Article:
Among the three levels, the numbers at the master’s level were 1,314 (57.5%), M.Phil./Ph.D. 500 (21.9%), and Ph.D. 471 (20.6%). This reveals that a majority of the postgraduate students in this study were at the master’s level (Table 2). Also, there were 1,348 (59.0%) male postgraduate students and 937 (41.0%) female postgraduate students. Table 2 also indicated that 548 (24.0%) and 420 (18.4%) of the sample were between the ages of ‘30-34’ and ‘35-39’ respectively. Only 6 (0.3%) were above 59 years. This shows that most of the postgraduate students were within ‘30-39’ years. This implies that most Nigerian students pursue their postgraduate programmes in their thirties.

Research Question 1: What are the methods through which postgraduate students acquired user education in the university libraries?

The major methods for acquisition of user education by the postgraduate students were library orientations (N=1,470; 64.3%), user education through library staff guidance (N=880; 38.5%) and users’ manuals or information handbooks (N=643; 28.1%) as presented in Fig. 1. It was found in this study that the major method for acquisition of user education by the postgraduate students was the library orientation, by which the orientation is given to fresh students in the universities. It could be argued to be so because fifty percent of the librarians in charge of e-resources/systems librarians interviewed responded that they taught their postgraduate students user education via library orientations; few of the e-resources librarians responded that they only create awareness on demand. Yet, some do not teach user education to their postgraduate students at all. Over sixty-four percent of the postgraduate students had acquired user education via a library orientation. This percentage is overwhelming as the other methods are of low frequency. This will have negative implications because postgraduate students’ ability to maximise the use of their library’s e-resources will be limited, as methods to learning about the library’s resources and facilities were limited.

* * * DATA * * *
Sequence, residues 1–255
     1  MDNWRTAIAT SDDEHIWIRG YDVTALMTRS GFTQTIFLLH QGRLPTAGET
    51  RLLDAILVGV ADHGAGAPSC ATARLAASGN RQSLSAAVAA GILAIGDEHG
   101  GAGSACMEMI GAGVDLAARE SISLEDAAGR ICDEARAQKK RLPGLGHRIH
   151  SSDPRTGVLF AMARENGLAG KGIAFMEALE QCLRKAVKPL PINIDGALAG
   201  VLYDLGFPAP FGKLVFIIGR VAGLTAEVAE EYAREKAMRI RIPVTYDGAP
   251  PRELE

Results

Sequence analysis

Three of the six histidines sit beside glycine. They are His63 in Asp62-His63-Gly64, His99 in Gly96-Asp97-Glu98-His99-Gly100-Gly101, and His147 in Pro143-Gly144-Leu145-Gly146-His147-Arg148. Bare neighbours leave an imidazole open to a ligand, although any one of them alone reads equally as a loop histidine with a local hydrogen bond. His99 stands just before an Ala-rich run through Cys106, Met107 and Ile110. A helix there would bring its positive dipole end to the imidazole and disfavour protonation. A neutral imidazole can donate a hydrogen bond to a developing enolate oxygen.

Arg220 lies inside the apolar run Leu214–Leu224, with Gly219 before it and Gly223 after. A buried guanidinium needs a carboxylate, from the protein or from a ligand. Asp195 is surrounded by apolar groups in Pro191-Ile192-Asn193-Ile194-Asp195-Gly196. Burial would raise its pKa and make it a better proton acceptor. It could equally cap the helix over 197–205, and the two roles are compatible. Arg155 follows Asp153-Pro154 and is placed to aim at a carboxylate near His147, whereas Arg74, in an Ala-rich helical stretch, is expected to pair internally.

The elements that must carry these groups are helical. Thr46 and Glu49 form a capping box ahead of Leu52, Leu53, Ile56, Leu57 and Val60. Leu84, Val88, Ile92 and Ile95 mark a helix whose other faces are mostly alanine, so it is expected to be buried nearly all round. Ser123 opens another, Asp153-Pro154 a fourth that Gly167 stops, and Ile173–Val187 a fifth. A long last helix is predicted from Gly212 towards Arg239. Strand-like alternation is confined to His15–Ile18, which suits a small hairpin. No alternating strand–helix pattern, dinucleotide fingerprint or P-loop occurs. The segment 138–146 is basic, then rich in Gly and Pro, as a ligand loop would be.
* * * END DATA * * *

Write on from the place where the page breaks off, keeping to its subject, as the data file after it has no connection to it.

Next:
The other methods for acquiring user education should be inculcated to create a wider sensitisation on the use of the library’s e-resources. In practice today, postgraduate students’ enrolment in universities is growing astronomically and this will pose a challenge to librarians if the library orientation is the major method for user education acquisition. Besides, the purpose of user education programmes is to enable students to patronise libraries for their academic activities and eventually become sophisticated users of the resources. This finding agrees with Suleiman’s (2012) submission that postgraduate students should attend user education classes apart from other avenues of user education. Ninety percent of his respondents agreed that attending user education classes would enable them find relevant information they need. However, John (2008) argued that library orientation is beneficial because it will produce more library users. Therefore, the finding of this study in respect to the major methods of acquiring user education is in consonance with that of John (2008).

Research Question 2: What is the level of user education possessed by postgraduate students in federal universities in Nigeria?

Table 3 (a and b) shows that 16 items out of the 20 items had high mean scores ranging from 2.50 to 2.97. This revealed that most of the items are above the mean of 2.50 of the scale of maximum of 4 points. It thus implied that the postgraduate students’ user education was relatively high. The other four items had low mean scores below the 2.50 mean of the scale. The weighted average of 2.60 summarised the mean scores, implying that the level of user education of the students is slightly above average.